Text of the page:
Direct commercial insurers are moving in on brokers’ domination of the SME market. How can brokers quell this threat in the coming year? Caroline Jordan reports

Imagine the irony. Broker Cliff Humphreys opened up some post at his company Bridge Insurance in Wisbech to find he’d been targeted by a major direct provider, saying it could find him “cheaper” cover for his premises.

Humphreys was quickly on the phone to his regional branch manager, who muttered about a mix-up involving “different databases”.

Meanwhile Simon Cooter, distribution director at Brit Insurance, a newcomer to the SME market working only with brokers, commented: “I’m aware that directors here have received letters from direct commercial insurers. It’s clear that there is a big marketing push going on.” ‘

Neither Humphreys nor Cooter are losing any sleep over this. But such marketing still rankles and there is always the fear that a large composite could start poaching broker business. Or, indeed, that newcomers could make inroads on traditional broker ground.

These are the major threats brokers in the SME market face as they enter 2008.

But, as Peter Staddon, Biba’s head of technical services, says: “I think with SME direct, it will be a case of caveat emptor – let the buyer beware – and indeed, some who buy through this channel will realise the advantages of using a broker.

“What vexes me is that many insurers will admit that SME business sold by smaller brokers is the most highly profitable area for them, yet now they want to try to rebuild that model by cutting out the broker. If brokers feel minded to do so, they should consider switching from these insurers to one that is dedicated to the intermediary channel.”

Better placed

At least many more brokers are alert to the threat from the directs in SME, and therefore are better placed to defend themselves, than when the same happened in personal lines.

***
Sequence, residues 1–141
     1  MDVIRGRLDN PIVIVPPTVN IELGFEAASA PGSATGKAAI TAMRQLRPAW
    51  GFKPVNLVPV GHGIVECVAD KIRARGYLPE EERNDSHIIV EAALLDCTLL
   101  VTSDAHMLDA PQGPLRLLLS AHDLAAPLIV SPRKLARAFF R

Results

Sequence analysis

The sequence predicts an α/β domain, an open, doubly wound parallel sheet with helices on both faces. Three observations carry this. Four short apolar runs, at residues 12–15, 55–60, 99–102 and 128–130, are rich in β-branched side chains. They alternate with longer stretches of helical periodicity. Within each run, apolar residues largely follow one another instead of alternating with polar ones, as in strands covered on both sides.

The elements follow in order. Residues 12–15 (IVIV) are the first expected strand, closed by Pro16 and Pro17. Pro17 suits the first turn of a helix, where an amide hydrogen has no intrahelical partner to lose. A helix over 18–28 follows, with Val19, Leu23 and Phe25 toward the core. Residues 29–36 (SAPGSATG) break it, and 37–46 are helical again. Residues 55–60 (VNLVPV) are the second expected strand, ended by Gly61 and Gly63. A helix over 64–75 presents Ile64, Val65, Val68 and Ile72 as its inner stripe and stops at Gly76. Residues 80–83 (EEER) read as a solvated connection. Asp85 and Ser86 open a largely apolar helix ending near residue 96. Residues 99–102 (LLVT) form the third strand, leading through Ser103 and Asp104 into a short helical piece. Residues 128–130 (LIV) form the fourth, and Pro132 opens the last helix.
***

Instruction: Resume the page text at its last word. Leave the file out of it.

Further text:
And the good news for brokers is that newcomers in the sector give them a choice of insurer beyond the big composites, many of which are focusing on direct.

ABC Insurance is one such company and its head, Phil Bunker, says: “We’ve already launched our combined product and will be launching three package policies early next year. We’ve big ambitions and I think brokers will also find, because our overheads our lower, our prices are too.”

As for the arrival of Direct Line in the SME market, Bunker is not overly concerned. “I thought it would make a much bigger impact. I’ve seen some of its advertising and it is very subdued. There has been no indication that it is taking an aggressive stance and attacking brokers.”

In fact, the role of the big boys in SME is looking decidedly less rosy. Whereas the newcomers are intent on SME business and winning over brokers, the large composites seem less focused.

Lyn Carslake, deputy chief executive of another relative newcomer, Arista, says: “I don’t like conflict of distribution. It is much better for staff if they understand who their customer is. In our case, it’s the broker. The problem with some of these major insurers is that they seem to have forgotten who the customer is.”

Serious players

Much has been said of the national brokers wanting to become serious players in the SME market.

But, again, Carslake questions how much focus they have on the end customer. “A local broker is going to be in touch with what its customers need. If it can trade efficiently online and deal with more complex queries, this will engender loyalty.

“You can’t do that in a call centre, and this is the model that the nationals have gone for.”

AXA, Allianz, Norwich Union, Royal & SunAlliance and Marsh were not available to discuss the SME marketplace.

A quick look at the SME market shows that comparative quote facility Iprism has launched a quote service with aggregator, which will raise awareness.

Launched this September, Direct Line for Business has an attractive-looking range on offer, that includes products for shops and commercial property.